Mimicry - red-spotted chromodorids
Top: Chromodoris splendida. Lower left: Chromodoris tasmaniensis. Lower centre: Chromodoris daphne. Lower right: Chromodoris hunterae.
PHOTOS: Bill Rudman.
There are many examples of animals which have evolved to look almost identical to another animal. Have a look at the mimicry page for further information.
In south eastern Australia many of the species of chromodorid found there are found nowhere else, and there is a group of species which all have a red-spotted colour pattern. We think this mimicry has evolved so that potential predators, such as fish, learn more quickly that red spots are a sign that the animal has large glands of distasteful chemicals in their mantle. Chromodorids all have mantle glands which contain chemicals that are distasteful to fish. The chemicals are from the sponges they feed on. When poisonous animals have warning colours like this we call it aposematic colouration.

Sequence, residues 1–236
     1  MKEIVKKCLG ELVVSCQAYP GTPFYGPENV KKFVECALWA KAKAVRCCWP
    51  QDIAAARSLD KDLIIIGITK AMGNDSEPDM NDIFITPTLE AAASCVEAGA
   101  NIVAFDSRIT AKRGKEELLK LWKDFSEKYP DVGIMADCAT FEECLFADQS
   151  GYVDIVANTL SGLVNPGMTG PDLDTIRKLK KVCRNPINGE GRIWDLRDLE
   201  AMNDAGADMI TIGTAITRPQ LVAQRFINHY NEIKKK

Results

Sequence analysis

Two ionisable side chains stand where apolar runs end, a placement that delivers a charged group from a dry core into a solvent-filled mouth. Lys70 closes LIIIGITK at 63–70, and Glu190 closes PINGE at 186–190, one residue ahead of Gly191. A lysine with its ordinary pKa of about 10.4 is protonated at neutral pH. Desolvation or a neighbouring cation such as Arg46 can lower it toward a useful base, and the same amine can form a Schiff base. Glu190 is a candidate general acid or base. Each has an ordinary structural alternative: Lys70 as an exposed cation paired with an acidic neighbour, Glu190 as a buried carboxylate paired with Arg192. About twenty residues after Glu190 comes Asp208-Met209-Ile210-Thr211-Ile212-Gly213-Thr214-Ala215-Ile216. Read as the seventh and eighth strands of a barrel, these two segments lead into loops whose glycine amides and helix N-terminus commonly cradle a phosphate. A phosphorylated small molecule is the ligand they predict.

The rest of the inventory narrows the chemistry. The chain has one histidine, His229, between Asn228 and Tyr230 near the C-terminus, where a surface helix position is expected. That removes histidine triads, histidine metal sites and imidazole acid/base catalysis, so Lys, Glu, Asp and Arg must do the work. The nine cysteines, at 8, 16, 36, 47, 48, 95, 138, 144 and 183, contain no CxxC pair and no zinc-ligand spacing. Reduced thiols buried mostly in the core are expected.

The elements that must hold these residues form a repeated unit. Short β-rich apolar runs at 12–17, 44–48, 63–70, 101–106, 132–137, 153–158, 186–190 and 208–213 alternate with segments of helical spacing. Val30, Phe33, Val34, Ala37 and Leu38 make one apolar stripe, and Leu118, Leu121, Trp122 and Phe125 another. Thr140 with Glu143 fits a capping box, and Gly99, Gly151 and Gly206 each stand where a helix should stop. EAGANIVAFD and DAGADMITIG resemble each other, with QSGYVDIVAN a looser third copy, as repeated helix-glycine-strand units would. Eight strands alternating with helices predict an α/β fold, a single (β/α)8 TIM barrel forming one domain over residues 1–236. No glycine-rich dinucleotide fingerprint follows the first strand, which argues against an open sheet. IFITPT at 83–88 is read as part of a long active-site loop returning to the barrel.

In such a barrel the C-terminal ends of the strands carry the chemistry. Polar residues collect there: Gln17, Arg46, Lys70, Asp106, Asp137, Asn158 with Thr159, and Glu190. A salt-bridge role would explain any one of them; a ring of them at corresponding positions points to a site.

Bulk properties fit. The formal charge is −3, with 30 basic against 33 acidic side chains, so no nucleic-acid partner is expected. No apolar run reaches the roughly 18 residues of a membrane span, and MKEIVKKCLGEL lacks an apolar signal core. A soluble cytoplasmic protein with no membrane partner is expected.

• Rudman, W.B. (1991) Purpose in Pattern: the evolution of colour in chromodorid nudibranchs.Journal of Molluscan Studies, 57, (T.E. Thompson Memorial Issue): 5-21.
Rudman, W.B., 2004 (July 23) Mimicry - red-spotted chromodorids. [In] Sea Slug Forum. Australian Museum, Sydney. Available from http://www.seaslugforum.net/factsheet/redspot